Friday, October 12, 2007


Pierre-Auguste Renoir (1841-1919) worked as an apprentice painter, painting flowers on porcelain plates. Having saved some money, in 1862 Renoir entered the Atelier Gleyre and there made friends with Monet, Sisley, Bazille and later Pissarro and Cézanne. Renoir achieved recognition earlier than his friends.

In 1879-80, he sent several portraits to the official Salon, among them
Portrait of the Actress Jeanne Samary and Portrait of Mme Charpentier and Her Children. In the 1880s, he abandoned Impressionism for what is often called the “dry style”. In 1886, the art dealer Durand-Ruel exhibited 32 of Renoir's paintings in New York, thus opening the American market for Impressionism. Renoir died in Cagnes on 3 December 1919 and was buried in Essoyes.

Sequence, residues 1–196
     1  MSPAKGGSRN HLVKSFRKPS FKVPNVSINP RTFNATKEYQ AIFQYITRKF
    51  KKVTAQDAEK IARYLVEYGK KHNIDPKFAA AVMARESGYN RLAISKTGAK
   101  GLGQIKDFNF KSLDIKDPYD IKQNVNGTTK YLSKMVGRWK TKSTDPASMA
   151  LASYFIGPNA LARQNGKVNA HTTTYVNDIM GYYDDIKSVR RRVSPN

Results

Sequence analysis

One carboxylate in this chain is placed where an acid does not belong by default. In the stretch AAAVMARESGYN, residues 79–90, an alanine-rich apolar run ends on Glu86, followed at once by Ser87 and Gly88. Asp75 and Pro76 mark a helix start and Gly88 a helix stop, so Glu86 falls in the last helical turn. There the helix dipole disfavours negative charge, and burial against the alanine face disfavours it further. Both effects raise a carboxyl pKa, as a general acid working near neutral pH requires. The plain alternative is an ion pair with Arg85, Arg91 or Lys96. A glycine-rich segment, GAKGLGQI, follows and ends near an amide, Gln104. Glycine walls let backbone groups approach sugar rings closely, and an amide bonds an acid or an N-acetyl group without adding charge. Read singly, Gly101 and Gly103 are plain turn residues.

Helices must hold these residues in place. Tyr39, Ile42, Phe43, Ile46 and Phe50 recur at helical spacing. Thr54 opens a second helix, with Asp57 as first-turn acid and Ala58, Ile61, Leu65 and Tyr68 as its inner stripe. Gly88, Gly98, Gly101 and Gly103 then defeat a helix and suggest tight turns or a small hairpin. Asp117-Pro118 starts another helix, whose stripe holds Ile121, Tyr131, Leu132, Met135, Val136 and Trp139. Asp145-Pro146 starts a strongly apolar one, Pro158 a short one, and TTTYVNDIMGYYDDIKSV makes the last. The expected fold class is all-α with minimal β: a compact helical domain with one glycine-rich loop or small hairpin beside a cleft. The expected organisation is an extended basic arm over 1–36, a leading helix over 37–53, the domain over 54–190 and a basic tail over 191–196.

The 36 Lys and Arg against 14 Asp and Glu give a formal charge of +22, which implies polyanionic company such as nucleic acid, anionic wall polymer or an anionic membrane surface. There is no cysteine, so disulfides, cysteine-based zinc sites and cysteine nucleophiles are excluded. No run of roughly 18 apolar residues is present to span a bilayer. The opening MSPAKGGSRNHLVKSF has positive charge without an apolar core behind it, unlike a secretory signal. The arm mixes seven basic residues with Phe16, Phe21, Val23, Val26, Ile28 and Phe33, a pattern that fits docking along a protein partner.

This picture painted in 1876 is an oil on canvas (65.9 x 49.8 cm.) represents Henriette Henriot, an actress at the Odéon theatre in Paris. Renoir painted several portraits of her, notably a Madame Henriot in a boy costume (below).
The picture above
was sold in 1962 for £ 5,500 only and fetched £ 33,875 in a sale in Tokyo, Japan in 1969. It is now on the walls of the National Gallery of Art in Washington, DC, a gift from the Adele R. Levy Fund.

Renoir was one of the great worshippers of the female form, and he said `I never think I have finished a nude until I think I could pinch it.' One of his sons was the celebrated film director Jean Renoir (1894-1979), who wrote a lively and touching biography (Renoir, My Father) in 1962.

Currently most Renoir's works sell in between $100,000 and $ 2 million.

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